Toronto-based Waratah Capital Advisors CEO Blair Levinsky and former GMP Securities LP mining banker Mark Welling co-founded Lithium Royalty, along with Mr. Ortiz. Waratan oversees $4-billion in client assets and Mr. Levinsky runs the firm’s global electrification and decarbonization fund.
St. John’s-based Altius Minerals Corp., which also owns mine royalties, was also an early backer. In 2021, Lithium Royalty raised US$71-million from institutions, including New York-based private equity fund Riverstone Holdings LLC.
Investment banks Canaccord Genuity Corp. and Citigroup are leading Lithium Royalty’s IPO, along with TD Securities Inc., Cormark Securities Inc., National Bank Financial Inc., BMO Nesbitt Burns Inc., Scotia Capital Inc., Raymond James Ltd. and Red Cloud Securities Inc. Law firm Davies Ward Phillips & Vineberg LLP is advising the company, while Blake, Cassels & Graydon LLP is the investment banks’ counsel.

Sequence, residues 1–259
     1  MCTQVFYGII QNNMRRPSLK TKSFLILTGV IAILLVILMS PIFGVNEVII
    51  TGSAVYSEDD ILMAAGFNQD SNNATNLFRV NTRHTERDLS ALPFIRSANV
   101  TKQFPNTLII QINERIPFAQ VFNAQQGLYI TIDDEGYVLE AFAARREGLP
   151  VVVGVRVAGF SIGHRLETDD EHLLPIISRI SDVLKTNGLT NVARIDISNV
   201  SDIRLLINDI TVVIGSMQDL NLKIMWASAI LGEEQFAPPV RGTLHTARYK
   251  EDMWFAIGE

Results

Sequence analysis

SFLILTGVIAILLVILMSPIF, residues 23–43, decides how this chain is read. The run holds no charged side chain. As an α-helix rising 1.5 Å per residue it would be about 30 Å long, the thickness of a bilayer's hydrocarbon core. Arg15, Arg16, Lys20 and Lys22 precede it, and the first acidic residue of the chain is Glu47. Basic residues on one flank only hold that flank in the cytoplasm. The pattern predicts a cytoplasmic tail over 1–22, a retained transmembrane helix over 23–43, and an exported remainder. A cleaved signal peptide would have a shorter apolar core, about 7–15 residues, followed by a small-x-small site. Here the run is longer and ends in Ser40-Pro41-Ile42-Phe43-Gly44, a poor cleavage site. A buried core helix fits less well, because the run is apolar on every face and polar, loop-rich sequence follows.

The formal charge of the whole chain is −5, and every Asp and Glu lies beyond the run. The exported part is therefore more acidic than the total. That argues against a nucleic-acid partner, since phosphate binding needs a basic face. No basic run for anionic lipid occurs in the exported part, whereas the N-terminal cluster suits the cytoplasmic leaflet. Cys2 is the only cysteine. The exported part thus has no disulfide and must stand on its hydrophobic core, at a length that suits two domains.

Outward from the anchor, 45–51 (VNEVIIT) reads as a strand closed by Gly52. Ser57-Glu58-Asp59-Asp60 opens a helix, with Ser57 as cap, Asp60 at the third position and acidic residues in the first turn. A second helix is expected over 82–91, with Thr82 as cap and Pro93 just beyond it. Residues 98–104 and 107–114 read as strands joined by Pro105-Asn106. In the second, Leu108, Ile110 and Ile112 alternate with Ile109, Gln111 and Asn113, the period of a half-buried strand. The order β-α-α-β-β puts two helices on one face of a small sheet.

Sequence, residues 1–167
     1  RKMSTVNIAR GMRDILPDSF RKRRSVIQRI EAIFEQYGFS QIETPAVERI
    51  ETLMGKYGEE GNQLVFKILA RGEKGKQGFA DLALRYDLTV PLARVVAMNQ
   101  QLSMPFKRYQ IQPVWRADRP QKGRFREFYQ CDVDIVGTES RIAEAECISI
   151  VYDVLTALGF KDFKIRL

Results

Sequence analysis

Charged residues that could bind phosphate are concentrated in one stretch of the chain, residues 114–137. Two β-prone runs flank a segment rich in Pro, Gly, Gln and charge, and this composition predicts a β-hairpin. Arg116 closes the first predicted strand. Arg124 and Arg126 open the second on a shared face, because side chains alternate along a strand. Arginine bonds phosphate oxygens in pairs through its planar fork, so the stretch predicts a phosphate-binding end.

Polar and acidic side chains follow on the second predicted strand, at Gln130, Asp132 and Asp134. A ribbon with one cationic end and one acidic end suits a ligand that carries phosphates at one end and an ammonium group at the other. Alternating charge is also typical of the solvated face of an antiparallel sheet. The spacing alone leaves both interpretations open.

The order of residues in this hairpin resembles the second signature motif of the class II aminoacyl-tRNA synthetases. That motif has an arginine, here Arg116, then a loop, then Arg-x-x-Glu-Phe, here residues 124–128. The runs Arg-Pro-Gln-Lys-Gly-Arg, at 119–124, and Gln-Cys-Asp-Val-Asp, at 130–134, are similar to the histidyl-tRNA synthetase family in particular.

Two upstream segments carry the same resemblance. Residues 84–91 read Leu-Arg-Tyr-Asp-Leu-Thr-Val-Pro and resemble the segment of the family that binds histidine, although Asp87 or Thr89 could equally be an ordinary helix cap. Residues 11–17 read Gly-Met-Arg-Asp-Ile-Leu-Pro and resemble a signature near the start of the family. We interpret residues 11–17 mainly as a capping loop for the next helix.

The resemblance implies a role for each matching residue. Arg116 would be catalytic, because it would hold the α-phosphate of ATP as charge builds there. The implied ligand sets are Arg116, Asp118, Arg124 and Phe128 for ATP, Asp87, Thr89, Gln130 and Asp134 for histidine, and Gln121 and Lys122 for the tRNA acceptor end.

18 Mutual Funds with Clearly Defined Investment Processess – The Globe and Mail
What are we looking for?
Top-rated mutual funds with top-rated investment processes.
When investors look at the performance of mutual funds, they are likely looking for something simple – are those performance numbers positive or negative? Considering why those numbers are positive or negative is also important. Why a fund performs a certain way can be the direct result of its investment philosophy and process. An understanding of these components can help investors better gauge if performance results are expected given the goal and method applied. This can be particularly helpful during periods of volatility, such as the one we have experienced since the collapse of Silicon Valley Bank earlier this month. A strong investment process is well-defined and consistently executed, and generally able to withstand short-term market shocks and reward investors over the long term.